Occasionally the film's indictment passes from the strained to the bizarre. At one point, over somber music, a text scrolls over a black-and-white image of a vacant superstore. It informs us that there are 26,699,678 square feet of empty Wal-Mart in the U.S., "enough room to build 29,666 classrooms and educate 593,326 kids" –as though the stores, by their sheer size, had crowded out the children.
Another lengthy segment is devoted to the topic of crime in Wal-Mart parking lots. Perhaps it's true that the company could better protect its customers by hiring a few guards to patrol its lots at night. But is it really more dangerous to do your shopping amid the throngs who drive out to Wal-Mart than at any other store? Never mind–just listen to the tearful testimony of another victim (and another! and another!) of Sam Walton's parking lots of death!
Whatever its merits, the crusade against Wal-Mart seems to be gathering adherents. A recent Zogby poll found a majority of respondents agreeing that "Wal-Mart is bad for America," and that its low prices "come with a high moral and economic cost for consumers." (The work of New York University economist Jason Furman suggests that it's the other way around: Any wage-depressing effects of Wal-Mart stores are dwarfed by the benefits to low-income consumers of their parallel price-depressing effects.)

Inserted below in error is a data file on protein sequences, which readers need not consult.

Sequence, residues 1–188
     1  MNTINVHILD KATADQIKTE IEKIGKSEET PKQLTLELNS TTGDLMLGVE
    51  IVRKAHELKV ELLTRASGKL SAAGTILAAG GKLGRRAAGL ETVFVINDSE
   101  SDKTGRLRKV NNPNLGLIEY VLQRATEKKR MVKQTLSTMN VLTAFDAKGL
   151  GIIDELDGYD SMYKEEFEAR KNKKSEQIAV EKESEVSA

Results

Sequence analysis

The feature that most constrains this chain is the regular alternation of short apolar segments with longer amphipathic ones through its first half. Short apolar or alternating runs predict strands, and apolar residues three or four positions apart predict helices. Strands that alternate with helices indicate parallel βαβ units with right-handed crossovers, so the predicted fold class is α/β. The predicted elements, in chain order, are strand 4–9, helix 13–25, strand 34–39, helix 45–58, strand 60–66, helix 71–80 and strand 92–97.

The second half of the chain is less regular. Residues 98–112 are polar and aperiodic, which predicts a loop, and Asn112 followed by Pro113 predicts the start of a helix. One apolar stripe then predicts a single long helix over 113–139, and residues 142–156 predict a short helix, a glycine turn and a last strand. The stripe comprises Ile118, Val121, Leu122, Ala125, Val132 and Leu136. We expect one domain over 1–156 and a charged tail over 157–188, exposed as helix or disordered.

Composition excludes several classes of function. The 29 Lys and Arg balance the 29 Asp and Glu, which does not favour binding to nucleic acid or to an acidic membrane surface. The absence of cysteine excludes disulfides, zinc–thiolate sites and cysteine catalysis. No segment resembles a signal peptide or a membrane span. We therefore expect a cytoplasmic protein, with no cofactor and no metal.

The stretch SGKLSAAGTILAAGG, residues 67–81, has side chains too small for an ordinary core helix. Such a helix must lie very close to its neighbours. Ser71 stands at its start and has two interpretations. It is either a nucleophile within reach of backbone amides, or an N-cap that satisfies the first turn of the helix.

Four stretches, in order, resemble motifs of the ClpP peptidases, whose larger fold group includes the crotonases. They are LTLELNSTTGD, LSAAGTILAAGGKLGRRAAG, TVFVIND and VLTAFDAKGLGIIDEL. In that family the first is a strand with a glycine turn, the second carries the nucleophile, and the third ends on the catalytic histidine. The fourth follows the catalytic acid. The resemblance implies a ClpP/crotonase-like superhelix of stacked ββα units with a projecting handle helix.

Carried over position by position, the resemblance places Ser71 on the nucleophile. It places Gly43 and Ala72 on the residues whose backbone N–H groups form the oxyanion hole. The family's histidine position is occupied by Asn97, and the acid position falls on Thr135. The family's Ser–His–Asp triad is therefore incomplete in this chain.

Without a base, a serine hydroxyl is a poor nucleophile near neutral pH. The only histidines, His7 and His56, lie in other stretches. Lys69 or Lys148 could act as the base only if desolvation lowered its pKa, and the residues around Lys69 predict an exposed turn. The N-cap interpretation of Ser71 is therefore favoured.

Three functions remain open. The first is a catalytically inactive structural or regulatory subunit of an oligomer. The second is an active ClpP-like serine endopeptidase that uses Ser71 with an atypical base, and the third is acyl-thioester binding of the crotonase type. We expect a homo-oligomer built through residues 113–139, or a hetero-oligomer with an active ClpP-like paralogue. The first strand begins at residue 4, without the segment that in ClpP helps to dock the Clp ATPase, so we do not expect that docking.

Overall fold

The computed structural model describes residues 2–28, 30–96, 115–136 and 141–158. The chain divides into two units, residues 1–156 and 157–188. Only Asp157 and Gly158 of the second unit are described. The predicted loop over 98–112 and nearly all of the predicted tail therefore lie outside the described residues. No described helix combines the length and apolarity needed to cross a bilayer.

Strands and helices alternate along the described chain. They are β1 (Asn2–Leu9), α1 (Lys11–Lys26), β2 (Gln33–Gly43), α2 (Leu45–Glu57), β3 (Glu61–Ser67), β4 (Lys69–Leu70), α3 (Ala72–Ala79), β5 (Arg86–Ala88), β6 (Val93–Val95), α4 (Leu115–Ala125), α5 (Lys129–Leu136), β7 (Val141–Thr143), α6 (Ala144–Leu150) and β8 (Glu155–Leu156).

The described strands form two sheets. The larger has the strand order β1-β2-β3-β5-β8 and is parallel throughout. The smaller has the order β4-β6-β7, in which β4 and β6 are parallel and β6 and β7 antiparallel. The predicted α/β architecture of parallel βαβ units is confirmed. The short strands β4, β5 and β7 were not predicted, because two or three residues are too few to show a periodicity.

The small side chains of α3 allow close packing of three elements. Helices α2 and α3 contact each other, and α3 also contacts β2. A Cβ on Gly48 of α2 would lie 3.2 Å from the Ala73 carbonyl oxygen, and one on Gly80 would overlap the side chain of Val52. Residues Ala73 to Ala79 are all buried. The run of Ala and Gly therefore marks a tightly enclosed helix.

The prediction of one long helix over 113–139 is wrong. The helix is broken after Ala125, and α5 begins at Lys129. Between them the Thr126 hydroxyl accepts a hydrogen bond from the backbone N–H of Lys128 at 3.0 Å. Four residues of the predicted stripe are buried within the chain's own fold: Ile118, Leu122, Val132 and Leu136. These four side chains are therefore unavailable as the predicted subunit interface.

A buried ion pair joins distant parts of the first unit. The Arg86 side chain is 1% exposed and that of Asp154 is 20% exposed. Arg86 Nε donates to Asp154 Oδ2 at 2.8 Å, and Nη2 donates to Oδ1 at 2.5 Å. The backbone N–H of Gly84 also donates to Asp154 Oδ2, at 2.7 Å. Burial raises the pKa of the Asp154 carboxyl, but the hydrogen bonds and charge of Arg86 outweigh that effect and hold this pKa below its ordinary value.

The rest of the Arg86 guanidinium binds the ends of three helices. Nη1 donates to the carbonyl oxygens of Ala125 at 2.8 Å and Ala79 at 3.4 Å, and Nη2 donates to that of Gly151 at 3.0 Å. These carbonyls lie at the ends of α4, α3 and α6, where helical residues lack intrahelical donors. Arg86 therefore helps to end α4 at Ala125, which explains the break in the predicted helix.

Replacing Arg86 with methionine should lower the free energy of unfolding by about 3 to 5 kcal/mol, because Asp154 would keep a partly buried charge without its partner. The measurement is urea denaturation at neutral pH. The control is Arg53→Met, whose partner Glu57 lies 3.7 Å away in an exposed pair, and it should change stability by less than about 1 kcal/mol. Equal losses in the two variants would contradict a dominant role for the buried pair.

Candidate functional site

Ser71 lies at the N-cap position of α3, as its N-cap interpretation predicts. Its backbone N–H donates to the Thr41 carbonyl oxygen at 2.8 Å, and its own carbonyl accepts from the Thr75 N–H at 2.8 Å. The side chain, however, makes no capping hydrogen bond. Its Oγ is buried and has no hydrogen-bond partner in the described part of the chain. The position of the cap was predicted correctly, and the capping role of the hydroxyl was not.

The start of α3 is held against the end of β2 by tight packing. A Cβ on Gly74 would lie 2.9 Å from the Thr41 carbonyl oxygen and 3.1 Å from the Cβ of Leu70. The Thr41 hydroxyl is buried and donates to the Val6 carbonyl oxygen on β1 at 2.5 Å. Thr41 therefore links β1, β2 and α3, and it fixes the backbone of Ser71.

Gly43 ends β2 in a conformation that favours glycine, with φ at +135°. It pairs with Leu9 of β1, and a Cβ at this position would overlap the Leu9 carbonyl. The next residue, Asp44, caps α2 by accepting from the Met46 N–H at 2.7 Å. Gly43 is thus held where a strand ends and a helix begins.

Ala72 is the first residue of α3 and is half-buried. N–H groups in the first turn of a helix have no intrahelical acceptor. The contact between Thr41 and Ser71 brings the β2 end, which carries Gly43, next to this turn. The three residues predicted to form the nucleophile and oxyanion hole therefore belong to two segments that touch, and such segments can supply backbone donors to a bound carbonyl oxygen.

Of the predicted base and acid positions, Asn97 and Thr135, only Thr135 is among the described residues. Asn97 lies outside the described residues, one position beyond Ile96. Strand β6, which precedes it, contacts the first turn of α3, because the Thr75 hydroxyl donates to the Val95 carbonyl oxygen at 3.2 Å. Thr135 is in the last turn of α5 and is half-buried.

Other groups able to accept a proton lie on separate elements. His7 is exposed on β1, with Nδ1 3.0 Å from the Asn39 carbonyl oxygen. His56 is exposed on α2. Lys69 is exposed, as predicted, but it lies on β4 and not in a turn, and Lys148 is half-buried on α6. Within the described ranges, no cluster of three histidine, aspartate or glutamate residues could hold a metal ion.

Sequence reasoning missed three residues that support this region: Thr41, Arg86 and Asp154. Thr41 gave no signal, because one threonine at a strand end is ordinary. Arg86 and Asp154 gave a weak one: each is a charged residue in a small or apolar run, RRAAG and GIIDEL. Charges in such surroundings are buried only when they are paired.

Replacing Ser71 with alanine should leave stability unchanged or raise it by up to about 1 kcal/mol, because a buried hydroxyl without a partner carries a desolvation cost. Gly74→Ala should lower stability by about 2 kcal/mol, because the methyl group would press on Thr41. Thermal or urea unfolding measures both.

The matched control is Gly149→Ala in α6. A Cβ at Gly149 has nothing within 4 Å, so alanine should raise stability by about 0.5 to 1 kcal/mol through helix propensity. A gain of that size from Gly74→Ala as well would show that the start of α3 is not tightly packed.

Plenty of people who share that sentiment are on display in the film's closing montage of activists fighting to keep Wal-Mart out of their neighborhoods. Watching the cheers of these retail resisters as they learn they've blocked one more big box, it's hard to avoid the conclusion that there's something more at work here than disagreement with the company's wage or health-care policy. The activists seem motivated by an almost religious fervor–and, indeed, often seem to be led by clerics of one denomination or another. (Perhaps, in this age of exurban big-box megachurches, ministers just recognize a competitor when they see one.)
The anti?Wal-Mart movement is both more and less than the sum of its parts. It is less in that it seems likely that most critics are, at least initially, motivated by one or two narrow concerns: an affection for small shops, or a distaste for outsourcing. It is more in that Wal-Mart has taken on a symbolic role as an emblem of corporate power that is ultimately unmoored from the particulars of the charges against it.
Wal-Mart attracts the wrath of so many environmentalists, living wage advocates, and sprawl opponents not because it is the most egregious offender against their ideals but because its size and visibility give them a common banner under which to rally. And that is the final irony of Greenwald's film: The faceless corporate behemoth turns out to be a potent force for community.